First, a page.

A funny Monty Python sketch depicts a soccer game pitting Greek philosophers Plato, Aristotle and Archimedes against Germany's Hegal, Nietzsche and Schopenhauer.
Nothing much happens, a lot of thinking, till Archimedes kicks the ball, passing to Socrates, then "Goooaaalll!" Hooliganism ensues. Hegel argues that the reality of the goal exists only as an a-priori adjunct of dialect. Kant holds that, ontologically, the goal was nothing more substantial than a categorical imperative. Karl Marx protests.
That, in a nutshell, separates 19th-century German Bible criticism, "Heilsgeschichte," from Bible understanding. In a logical Greek mindset, early European church fathers had taken the testimonies in the gospels as at least symbolic truth. Later, German theologians, on the other hand, sought every intellectual excuse to obfuscate, doubt and redact. A mocking rejoinder attributed to students goes, "Heilsgeschichte? Horsegeschichte!"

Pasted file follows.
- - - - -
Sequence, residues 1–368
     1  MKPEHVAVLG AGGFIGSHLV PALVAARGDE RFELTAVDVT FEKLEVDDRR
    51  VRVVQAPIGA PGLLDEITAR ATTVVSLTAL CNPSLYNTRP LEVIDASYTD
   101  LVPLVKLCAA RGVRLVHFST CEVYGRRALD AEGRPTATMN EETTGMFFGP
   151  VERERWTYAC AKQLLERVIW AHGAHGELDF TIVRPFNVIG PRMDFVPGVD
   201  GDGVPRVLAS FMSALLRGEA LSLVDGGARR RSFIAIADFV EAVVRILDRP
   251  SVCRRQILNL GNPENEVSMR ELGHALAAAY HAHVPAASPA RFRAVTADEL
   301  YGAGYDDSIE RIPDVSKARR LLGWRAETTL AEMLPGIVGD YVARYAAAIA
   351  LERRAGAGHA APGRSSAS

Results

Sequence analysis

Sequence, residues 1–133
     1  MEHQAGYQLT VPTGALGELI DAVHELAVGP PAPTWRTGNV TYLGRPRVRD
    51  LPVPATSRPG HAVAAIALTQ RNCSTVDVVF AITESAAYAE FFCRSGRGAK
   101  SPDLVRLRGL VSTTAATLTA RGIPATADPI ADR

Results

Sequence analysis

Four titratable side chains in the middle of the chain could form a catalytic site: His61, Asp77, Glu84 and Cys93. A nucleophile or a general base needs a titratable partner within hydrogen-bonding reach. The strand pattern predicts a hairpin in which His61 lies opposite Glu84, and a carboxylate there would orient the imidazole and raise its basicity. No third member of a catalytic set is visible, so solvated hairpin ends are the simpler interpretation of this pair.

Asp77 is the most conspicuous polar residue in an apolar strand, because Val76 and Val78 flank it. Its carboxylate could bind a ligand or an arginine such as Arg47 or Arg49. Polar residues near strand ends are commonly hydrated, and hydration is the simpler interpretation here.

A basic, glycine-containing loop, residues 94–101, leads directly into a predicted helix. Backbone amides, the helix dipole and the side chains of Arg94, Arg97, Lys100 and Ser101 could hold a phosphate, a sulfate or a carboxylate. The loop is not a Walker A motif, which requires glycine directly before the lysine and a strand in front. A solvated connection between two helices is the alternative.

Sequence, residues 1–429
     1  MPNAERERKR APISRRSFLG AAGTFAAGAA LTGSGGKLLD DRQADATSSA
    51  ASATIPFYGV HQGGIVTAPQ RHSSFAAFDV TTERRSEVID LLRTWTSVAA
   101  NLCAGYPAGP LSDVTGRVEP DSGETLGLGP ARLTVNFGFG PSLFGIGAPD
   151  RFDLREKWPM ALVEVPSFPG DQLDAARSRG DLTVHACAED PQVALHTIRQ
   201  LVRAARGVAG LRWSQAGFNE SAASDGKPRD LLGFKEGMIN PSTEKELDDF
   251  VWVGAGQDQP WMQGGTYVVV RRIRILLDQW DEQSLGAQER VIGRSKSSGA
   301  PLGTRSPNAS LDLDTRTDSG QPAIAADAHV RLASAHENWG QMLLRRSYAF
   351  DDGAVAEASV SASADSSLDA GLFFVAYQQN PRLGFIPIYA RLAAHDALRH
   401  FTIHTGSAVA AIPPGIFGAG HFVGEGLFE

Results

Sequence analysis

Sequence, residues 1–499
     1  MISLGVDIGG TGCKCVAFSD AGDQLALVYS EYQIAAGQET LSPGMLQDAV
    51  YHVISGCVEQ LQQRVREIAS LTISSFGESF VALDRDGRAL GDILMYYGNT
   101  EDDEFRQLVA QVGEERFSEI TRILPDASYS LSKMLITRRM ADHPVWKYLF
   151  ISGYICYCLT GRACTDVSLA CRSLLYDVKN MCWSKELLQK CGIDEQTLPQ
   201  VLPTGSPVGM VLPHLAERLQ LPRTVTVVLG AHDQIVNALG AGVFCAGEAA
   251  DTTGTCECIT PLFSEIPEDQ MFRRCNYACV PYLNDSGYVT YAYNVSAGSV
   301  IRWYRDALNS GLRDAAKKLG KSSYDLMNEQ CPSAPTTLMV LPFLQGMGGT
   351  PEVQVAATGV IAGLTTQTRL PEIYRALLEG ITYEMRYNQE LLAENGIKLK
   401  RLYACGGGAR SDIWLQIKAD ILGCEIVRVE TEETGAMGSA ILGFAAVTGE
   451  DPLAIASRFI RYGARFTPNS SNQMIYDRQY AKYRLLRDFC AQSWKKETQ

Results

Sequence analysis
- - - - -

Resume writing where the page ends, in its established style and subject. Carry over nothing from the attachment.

The ills of liberalism mimic the German team â€" moral relativism, post-modernism murkiness and doubt. Political correctness abhors Jesus' words, "I am the way, the truth and the light."
Pastors who preach poppsychology and magazine articles do so because they fundamentally doubt the Bible can be trusted. They fear liberal Sharia law that punishes "offensive" assertions of objectivity.
But Greek thought is murky and magical, too. Hebrew thought is more objective, more earthy, closer to the understanding of the Bible writers. For while Greek holidays were "give-us" events, lifting hopeful appeals to the Gods, Jewish-appointed times commemorate solid history, what God has done for Israel.
Not only are the festivals heartwarming, but commemorative tradition provides excellent teaching for children. Objective history is important.
Moreover, Greek thought separates body and soul, planting a feeling that doctrine alone is saving faith. Jewish thought unifies spirit, soul and body. If you have faith, your personality will naturally reveal it through desire, and desire naturally through deed, as rain brings forth fruit.
John, Peter and Paul were bold men of action. They asserted, "We don't philosophize or devise a religion." they simply acted on what they knew. If these humble doers had formed a World Cup soccer team, they would have first kicked the ball.